Adair Turner, Baron Turner Of Ecchinswell Quotes
Jonathan Adair Turner, Baron Turner of Ecchinswell (born 5 October 1955) is a British businessman, academic and was Chairman of the Financial Services Authority until its abolition in March 2013. He is the former Chairman of the Pensions Commission and the Committee on Climate Change, as well as the former Director-General of the Confederation of British Industry. He has described himself in a BBC HARDtalk interview with Stephen Sackur as a 'technocrat'. He is a vocal advocate of the so-called "Helicopter money" idea whereby central banks would finance directly government spending or cash distribution to citizens
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The richer people, when they get another $100,000, or another million, or 10 million, don't tend to spend it as much as the poorer people would if they got another $100 or $1,000 or $5,000. All the empirical evidence suggests that the rich tend to consume a lower proportion of income than middle and lower-income people.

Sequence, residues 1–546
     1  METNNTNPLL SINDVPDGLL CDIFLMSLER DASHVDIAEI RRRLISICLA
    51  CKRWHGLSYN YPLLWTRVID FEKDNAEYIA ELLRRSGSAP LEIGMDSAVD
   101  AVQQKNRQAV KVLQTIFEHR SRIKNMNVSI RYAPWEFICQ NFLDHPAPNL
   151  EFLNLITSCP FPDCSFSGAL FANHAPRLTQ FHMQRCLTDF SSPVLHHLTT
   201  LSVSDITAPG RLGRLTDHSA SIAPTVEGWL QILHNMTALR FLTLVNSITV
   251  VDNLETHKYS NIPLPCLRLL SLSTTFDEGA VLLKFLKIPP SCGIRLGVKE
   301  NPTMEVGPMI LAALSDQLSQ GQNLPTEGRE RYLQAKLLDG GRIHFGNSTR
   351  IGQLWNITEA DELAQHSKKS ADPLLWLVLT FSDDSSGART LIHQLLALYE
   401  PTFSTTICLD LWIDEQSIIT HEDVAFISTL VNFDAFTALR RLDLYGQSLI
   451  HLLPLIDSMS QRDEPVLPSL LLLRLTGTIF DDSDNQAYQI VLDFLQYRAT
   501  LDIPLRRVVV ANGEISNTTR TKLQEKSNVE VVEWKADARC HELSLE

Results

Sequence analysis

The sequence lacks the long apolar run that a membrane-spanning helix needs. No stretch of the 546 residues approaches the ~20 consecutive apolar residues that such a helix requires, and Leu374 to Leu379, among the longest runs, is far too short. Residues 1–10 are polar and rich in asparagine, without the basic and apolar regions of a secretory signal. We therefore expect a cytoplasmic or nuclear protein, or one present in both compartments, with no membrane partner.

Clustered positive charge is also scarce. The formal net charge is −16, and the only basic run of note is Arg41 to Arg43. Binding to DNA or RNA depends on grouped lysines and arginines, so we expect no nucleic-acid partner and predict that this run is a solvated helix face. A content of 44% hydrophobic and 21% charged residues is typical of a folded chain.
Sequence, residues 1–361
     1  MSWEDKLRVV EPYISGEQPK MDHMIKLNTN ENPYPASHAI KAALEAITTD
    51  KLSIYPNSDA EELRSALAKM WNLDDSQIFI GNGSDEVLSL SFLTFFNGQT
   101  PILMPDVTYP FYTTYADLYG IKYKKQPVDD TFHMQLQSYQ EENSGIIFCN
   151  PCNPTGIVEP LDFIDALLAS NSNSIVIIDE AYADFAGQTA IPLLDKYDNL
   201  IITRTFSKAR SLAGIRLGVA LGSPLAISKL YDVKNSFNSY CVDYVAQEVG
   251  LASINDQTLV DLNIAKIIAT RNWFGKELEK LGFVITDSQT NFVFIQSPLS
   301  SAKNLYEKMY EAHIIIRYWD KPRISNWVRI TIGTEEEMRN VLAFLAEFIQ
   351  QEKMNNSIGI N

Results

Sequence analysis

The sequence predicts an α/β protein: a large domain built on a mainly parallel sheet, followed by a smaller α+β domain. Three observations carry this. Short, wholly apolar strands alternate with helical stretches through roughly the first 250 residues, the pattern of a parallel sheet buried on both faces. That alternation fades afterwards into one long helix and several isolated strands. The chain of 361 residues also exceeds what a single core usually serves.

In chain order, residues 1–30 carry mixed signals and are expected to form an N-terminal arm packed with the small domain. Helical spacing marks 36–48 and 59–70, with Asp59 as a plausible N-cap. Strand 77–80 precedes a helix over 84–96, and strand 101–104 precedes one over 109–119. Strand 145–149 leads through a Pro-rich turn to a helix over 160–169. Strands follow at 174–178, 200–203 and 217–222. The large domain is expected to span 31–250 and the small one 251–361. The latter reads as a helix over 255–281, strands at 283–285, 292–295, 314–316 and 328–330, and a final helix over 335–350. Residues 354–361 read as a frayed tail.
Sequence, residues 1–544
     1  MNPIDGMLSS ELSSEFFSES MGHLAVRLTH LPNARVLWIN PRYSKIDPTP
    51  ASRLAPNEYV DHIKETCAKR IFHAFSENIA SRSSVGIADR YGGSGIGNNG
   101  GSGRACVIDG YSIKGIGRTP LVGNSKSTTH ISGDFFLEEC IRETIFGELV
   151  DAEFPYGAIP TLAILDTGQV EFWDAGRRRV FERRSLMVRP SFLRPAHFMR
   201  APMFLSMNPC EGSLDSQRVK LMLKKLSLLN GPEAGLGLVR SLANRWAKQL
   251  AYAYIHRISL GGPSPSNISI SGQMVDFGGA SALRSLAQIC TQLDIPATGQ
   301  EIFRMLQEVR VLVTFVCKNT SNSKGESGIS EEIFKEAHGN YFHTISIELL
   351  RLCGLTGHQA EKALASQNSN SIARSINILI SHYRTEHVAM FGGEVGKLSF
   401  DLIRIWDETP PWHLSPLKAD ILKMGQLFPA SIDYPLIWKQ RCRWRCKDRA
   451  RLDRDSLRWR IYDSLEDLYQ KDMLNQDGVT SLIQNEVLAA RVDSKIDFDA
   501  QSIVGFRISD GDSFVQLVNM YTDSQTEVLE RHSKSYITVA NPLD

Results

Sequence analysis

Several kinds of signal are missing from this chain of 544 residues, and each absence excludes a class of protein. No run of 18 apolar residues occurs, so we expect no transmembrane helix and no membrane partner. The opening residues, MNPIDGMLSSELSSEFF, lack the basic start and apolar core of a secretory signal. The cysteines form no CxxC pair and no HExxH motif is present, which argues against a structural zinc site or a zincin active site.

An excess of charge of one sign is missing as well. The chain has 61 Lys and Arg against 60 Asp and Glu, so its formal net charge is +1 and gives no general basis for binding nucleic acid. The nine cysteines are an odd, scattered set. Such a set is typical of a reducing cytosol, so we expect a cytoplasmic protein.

Rising inequality can create a more highly leveraged economy, and it can then make the economy vulnerable to a crash like 2008.
If your credit is going to grow at 10-15 percent per year in order to get your 5 percent GDP growth per year, eventually you're going to have a problem. This isn't a stable system.
The capitalist system is not delivering those decade-after-decade increases it promised. We're not where we should be in terms of our national economies. We don't know how to get out of this malaise and I think we now have to consider more radical policies.
Instability mostly comes from the interface between the fact that the banks (or shadow banks) can create credit, money, and purchasing power in infinite quantities if we don't constrain them, and the fact that credit is primarily created to fund the purchase of urban real estate and land, which is somewhat fixed in supply.
We need to move beyond the demonisation of overpaid traders ... In finance and economics, ill-designed policy is a more powerful force for harm than individual greed or error.
In absolute terms, we may have to look at restricting the number of flights people take.
The probability that we face global warming caused by fossil fuels is now so overwhelming that it is legitimate to doubt the motives of those who deny it
In economics, when you put together a highly elastic thing and a highly inelastic thing, you create extraordinary potential for turbulence, volatility, and for unstable prices.